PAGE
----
“Well, my fists were keen and so was I, and of course I had such lovely eyes, so they set me to work in the galley, handing out biscuits to the crew and cleaning the pots. Chester was very good at that, as he was at all things. We set off from Plymouth on a course around the Africas. Captain O’ Courke had heard rumours about some absolute wanker dolphins off the coast of Madagascar and we were setting off to give them a lesson in British fists, and perhaps fuck up some sturgeon on the way.
“And so it would go for next fifteen years of my life. We would flit from port to port, never losing a man, and battering the world’s fish. We would sail along with our nets in the water and when they were full of the gilled bastards, they’d be dredged aboard, and we’re set about giving them a damn good thrashing. My first was a bass. I sparked him the fuck out.
“By my twentieth year, the crew had become as family to me, more so than my parents ever were. Billy Cobb, the first mate with a heart of gold that he kept showing to people when they were trying to eat; Karen Savage with her ten pegfingers and ability to speak saltwater; Danny Cauldwell, who had a 1:1 scale tattoo of his wife over his entire body; Cabbage, the midshipman who earned his nickname by eating only fourteen cabbages in his whole life; Big Bitch, who was only a medium-sized bitch; and Teddy Boyd, who always claimed he was ‘on his way to a wedding.’ I was also courting Sebastian Sweet at the time, which considering he met me when I was five, was creepy as all shit. But I always felt closest to the cook.
“His name was Harper, and he was fat as he was small. Yes, tall and thin he was, blessed with a way with biscuit that bordered on the romantic. It was he who taught me all of the most important lessons I ever learned: first, go for the neck; second, go for the fucking neck; third, when life seems to be at its darkest, when all hope seems to have left you, just remember to go, my girl, go for that fucking neck.
“It was a day like any other. Well, not like the days when we weren’t at sea, but like all the other ones. The sea ones. We were off the coast of Spain and I was petting my third Chester – also a finer animal than you – while the Captain and the crew were laying elbow drops on a basking shark when we ran aground. The ship halted, pitched up and we all fell to the deck.
“We all gathered at the front of the ship to see what we had struck. There, wedged under the bow of the Cockpoppet, was the tiniest little island you ever did see. It was like a child’s drawing of an island – you know not the ways of children, wee crying Chester, I understand. It was a small mound of sand poking out of the sea like a pimple on a really really big blue face. Sticking out of its sand was a single palm tree. Simple little thing it was, easy to overlook, but the bow of the ship had wedged in solid.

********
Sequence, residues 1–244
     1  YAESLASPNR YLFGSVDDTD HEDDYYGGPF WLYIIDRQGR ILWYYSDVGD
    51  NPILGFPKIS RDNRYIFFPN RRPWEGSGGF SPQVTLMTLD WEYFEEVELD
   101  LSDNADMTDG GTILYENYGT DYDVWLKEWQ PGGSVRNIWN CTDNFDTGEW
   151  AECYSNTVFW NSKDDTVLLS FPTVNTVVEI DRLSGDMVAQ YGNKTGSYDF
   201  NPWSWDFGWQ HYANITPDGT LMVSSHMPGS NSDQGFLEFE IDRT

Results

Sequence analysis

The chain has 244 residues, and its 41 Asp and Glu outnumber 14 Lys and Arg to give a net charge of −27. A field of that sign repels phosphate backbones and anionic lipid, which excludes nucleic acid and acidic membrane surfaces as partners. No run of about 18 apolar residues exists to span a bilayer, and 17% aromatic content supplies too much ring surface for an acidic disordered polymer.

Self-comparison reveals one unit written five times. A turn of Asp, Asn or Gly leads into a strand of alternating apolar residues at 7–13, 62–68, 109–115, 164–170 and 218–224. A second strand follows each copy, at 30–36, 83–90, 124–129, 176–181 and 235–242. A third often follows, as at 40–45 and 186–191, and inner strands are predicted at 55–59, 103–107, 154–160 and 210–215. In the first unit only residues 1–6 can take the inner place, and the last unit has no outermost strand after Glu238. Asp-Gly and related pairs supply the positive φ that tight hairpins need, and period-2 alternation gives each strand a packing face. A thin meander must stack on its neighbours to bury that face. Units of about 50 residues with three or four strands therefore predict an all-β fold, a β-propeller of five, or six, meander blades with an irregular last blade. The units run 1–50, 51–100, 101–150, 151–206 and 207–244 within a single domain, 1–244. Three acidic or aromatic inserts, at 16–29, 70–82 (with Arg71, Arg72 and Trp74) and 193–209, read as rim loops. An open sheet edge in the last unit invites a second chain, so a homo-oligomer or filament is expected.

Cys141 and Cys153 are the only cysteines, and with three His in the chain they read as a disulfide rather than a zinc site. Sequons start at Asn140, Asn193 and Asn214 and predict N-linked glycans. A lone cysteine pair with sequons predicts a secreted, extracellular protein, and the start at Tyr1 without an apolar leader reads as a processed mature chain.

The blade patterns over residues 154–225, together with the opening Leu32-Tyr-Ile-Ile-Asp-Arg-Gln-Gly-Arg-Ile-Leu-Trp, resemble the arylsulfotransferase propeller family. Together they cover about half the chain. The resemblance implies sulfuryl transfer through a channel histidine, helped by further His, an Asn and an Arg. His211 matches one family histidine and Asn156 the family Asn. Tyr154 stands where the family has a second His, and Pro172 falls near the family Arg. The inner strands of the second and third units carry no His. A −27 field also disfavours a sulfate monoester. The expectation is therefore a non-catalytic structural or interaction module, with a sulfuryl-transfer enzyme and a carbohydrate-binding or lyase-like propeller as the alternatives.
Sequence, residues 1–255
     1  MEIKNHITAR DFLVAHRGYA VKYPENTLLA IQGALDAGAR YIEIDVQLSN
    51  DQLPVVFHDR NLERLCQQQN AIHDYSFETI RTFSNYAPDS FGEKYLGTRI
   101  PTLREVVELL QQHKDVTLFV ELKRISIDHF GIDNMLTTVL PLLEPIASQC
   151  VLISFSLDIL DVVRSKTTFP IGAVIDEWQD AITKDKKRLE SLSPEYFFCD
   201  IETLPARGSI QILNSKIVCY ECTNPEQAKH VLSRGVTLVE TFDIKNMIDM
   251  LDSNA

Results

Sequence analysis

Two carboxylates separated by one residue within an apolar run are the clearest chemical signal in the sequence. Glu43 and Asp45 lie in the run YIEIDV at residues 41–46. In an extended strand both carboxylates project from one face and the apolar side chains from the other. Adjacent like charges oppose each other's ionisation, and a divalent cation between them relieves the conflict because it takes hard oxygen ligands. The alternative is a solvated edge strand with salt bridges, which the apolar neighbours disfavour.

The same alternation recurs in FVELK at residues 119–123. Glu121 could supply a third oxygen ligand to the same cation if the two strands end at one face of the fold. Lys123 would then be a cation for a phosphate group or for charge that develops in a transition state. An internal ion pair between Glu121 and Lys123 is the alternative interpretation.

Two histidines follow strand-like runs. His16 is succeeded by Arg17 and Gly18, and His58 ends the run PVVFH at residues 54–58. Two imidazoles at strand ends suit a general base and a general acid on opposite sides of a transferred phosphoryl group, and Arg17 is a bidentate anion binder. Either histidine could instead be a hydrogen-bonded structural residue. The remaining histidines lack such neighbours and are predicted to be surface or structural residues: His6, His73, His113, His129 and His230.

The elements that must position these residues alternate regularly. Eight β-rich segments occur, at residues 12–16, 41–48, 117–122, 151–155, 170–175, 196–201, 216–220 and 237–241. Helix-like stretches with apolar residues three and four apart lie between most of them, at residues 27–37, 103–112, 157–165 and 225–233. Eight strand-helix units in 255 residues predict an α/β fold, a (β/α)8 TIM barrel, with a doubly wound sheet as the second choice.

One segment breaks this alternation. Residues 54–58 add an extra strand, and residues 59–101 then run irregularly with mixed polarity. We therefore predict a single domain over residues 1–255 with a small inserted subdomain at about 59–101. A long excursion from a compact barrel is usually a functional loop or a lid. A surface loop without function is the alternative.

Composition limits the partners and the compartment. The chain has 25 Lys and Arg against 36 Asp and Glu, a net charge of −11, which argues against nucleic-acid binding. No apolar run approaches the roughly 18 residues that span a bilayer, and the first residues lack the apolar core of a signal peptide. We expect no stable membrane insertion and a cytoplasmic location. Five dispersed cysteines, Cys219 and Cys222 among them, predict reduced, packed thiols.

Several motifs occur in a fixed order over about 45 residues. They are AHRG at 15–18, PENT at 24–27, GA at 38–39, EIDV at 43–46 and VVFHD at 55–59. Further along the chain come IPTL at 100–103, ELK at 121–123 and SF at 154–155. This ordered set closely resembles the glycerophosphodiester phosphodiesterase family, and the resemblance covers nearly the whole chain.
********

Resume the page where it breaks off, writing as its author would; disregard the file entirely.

‘Dig us out and let’s be off, me fine selection of simply-characterised bowsy bastards,’ O’ Courke yelled, headbutting a salmon, and his beard screaming ‘Beidh lá eile ag an bPaorach.’
“Despite my years of service, I was still junior and so, while the rest of the crew returned to the basking shark to make it down a few tall glasses of Punch, Cabbage and I took up shovels and climbed down to dig us free from the sands.
“The sun baked down on our backs as we worked. It was as Cabbage was regaling me about the 6th cabbage he’d ever eaten – the ‘turning point’ he called it – when my shovel struck wood. Cabbage yammered on – he was on the other side of the bow to me, shielded from view – as I prized a small wooden chest from its resting place beneath the sand. It was a simple wooden chest, no possessive markings or signature carvings of any kind. It was the sort of a chest you’d put pretty good plates in, or maybe a few shoes.
“However, I was wiping the sand from the chest’s lid when I found scratches cut into the wood.
‘ – I chewed not once, not twice, but thrice, young miss and would you credit it – ‘ went Cabbage.
“I blew the sand from the grooves made in the lid, and as I did so a message began to appear, cut into the chest.
fourtune faire fourtune keene fourtune shared now unseene
“The message, despite clearly being written by spod, spoke of a fortune, a fortune that, as I assumed from the message, would, if shared, go ‘unseene’. I cracked the lock of the chest with the tip of my shovel and the lid sprang open with a spray of sand.